Jeff Westphal: Racing at COTA in Austin

Circuit of the Americas
ST Started: 11th
ST Finished: 4th

GT Started: 17th
GT Finished: 11th

Monday…the call

Austin race weekend started on the Monday before the race, when I received a phone call from a team owner other than my own, asking if I was interested in helping them out with their second car (the #22 Burton BMW 128i). The current driver situation had some changes, and they wanted to fill the hole by adding me to the roster. Once I cleared this with my current team, Scuderia Corsa, I started to prepare mentally (and physically) for driving on one of the hottest weekends we’ve had this season…twice as much as normal.

This was a goal of mine, to pull “double duty” and race in both the Continental Tire Sportscar Championship as well as the Tudor United Sportscar Championship, or whatever multi-syllabic name they go by these days. As a driver/independent contractor, it’s important to talk to everybody and develop relationships for opportunities just like this. If there were a Racecar Driver 101 course in college, the first topic would be networking and what it can do for you. You never know what can happen from relationships or introductions, even if it’s intangible immediately, a year or two down the road your name could come up, so I view every opportunity as a potential new network of contacts and opportunities both in the motorsport business and out.


Tuesday for me was a burn day, which meant I got to move some of my stuff out of my apartment in SF to my new place in San Mateo. This move would be ongoing during the month of September between my races, coaching jobs, the final planning for my wedding in October and honeymoon, as well as sorting out racing programs and partnerships for 2015. I was supposed to test my time attack Subaru (the 1000+hp monster seen earlier in the thread) but the team had an issue with the tow rig, so we rescheduled my test day to evaluate the new engine package and chassis set up. Although moving is a major PITA, having such a small apartment helps because frankly, its less crap.


Wednesday was a travel day, 0600 departure from SFO to arrive in Austin just before 2pm. This was selected strategically due to a track walk at 1700-1900, and for me, an intro/logistical planning with Burton Racing and the BMW over the next 4 days. Not only would I need to manage being at the right trailer at the right time in the right suit, but also have my equipment pulling double duty as well for all supporting meetings, debriefs and sessions. This would prove to be more mental stress than I originally anticipated, but ultimately was manageable in that both Burton Racing and Scuderia Corsa were very accepting of my timetable being tight at times.

The caveat to this situation is that though the new Austin track is glamorous and new, it’s also VERY spread out, as are the two paddock spaces. Not a walk away, as it’s more of a 5-minute scooter ride. Nonetheless I was able to get everything set up, mapped out and learn the dials, switches, dash, and nuances of the BMW before the first intimate drive on Thursday morning before the track walk with my engineer for the Ferrari. 3.3 miles and 1 hour later of scouring the surface and 20 corners, we head into the truck to pack our stuff and grab BBQ at a local spot that is pretty famous called The Salt Lick, then head to sleep.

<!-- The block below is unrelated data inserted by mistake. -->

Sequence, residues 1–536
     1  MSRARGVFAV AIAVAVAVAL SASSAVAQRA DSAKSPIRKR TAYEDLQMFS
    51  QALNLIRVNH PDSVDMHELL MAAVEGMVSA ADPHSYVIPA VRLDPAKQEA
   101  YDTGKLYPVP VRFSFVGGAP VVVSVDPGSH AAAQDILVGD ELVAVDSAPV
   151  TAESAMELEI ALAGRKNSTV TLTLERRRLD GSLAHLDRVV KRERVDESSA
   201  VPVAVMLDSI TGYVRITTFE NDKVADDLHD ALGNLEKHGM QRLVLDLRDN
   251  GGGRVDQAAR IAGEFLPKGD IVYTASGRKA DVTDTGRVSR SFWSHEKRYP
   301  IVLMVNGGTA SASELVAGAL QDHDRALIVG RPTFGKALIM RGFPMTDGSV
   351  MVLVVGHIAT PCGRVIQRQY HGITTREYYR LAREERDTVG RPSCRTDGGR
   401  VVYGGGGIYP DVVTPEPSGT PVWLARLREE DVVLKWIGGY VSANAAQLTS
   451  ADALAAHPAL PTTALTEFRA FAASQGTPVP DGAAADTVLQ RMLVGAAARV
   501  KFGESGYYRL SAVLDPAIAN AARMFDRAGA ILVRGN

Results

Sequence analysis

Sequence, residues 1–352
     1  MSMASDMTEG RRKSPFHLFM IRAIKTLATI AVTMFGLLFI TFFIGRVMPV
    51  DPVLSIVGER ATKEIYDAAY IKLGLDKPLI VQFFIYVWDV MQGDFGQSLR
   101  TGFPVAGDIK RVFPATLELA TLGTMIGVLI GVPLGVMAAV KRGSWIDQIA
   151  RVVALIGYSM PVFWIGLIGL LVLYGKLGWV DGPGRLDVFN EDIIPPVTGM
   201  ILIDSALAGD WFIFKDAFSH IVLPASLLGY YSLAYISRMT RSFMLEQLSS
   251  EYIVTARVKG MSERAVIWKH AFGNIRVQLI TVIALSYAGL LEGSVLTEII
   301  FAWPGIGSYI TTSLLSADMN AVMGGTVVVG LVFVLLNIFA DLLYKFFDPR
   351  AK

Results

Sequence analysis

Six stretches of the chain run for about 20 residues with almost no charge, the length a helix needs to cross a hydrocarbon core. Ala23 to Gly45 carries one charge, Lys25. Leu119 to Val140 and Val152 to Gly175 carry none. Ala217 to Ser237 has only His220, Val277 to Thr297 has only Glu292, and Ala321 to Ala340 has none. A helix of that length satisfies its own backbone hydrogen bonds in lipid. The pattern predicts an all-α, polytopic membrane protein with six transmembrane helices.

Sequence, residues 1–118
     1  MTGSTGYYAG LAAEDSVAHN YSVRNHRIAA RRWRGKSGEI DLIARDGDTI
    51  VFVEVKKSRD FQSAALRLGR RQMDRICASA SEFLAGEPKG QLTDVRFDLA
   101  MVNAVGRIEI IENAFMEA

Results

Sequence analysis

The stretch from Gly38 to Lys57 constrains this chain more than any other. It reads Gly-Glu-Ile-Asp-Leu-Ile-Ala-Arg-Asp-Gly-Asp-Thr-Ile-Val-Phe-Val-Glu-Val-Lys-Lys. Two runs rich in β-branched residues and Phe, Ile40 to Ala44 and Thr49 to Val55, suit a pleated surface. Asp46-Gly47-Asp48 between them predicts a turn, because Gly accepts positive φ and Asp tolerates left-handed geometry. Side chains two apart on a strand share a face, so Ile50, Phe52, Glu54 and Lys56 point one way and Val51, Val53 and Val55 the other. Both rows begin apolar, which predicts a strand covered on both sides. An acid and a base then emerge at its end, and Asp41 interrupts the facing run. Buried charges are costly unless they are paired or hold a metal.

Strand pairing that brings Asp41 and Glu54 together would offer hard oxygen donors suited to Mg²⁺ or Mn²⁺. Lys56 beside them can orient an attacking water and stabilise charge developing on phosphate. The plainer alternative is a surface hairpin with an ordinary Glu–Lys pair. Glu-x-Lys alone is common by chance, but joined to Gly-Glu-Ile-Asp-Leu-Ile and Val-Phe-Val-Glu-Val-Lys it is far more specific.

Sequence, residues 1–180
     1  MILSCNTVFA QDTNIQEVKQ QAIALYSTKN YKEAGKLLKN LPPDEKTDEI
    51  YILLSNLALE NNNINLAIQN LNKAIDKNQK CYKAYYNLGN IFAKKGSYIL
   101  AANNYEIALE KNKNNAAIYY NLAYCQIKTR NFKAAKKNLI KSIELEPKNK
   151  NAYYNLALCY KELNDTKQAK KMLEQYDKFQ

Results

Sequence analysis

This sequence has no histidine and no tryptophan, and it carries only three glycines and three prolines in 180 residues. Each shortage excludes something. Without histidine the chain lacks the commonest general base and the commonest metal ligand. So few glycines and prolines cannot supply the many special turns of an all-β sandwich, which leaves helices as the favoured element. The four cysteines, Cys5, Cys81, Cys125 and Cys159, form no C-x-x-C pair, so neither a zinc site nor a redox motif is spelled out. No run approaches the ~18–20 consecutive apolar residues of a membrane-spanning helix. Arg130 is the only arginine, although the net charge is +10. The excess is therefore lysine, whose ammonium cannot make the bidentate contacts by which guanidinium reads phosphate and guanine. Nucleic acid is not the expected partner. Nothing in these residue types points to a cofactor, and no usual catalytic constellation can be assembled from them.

Thursday was the first day on track for the BMW and the Ferrari, with two practice sessions and a qualifying session in the BMW just before the 1st practice in the 458 GT with a 0730 arrival. The plan was to get my full season teammate comfortable in the BMW before I got my time, so I would do a maximum of 50% of the practice, but probably less. Then I would qualify the car at 1630-1645 before I had to change outfits and jump in my Ferrari for practice at 1700-1800.

This meant I would have to learn a new car, a new tire and the respective characteristics of both in less than one hour of track time, then be ready to qualify. Luckily for me, three years ago when I met Victor from TNVC, I was racing for a BMW team called Insight Racing that was affiliated with Dinan, and this Burton Racing BMW 128i is not so different from the BMW 328i I drove for Insight/Dinan.

It’s a bit shorter, and taller, but otherwise it’s similar. It has four tires and a little blue/white roundel on it. Working with a new team, teammate and engineer is a challenge, but something I was ready for, and kept my ego checked at the door to help expedite the car’s progress on track with handling, as well as my teammate and I progressing together.

You can’t force the sort of “gelling” that takes place with a good team structure, which is essential for success and lack of mistakes. Ultimately all worked out though, as I prepped for qualifying sitting in the BMW on false grid thinking about running over to the Ferrari truck after qualifying and If I would make it on time, I was able to find some clear track during the 15 min session and put a lap together that would have us start the race from 11th, a season best for the #22 BMW as well as being the fastest BMW of any team.

This was an uplifting result after working diligently to cure some handling imbalances the car has in the first 2 practices. We had a small amount of understeer (lacking directional grip from the front tires) that stifled the momentum the car was capable of around the slower corners, and an oversteer (lacking lateral grip from the rear tires) in the high-speed corners, mainly the esses. We made some changes to the car, and the car responded well. Yet I am a perfectionist, which is why racing still keeps me so interested, it’s the constant pursuit of perfection without the possibility of ever achieving 100% perfection.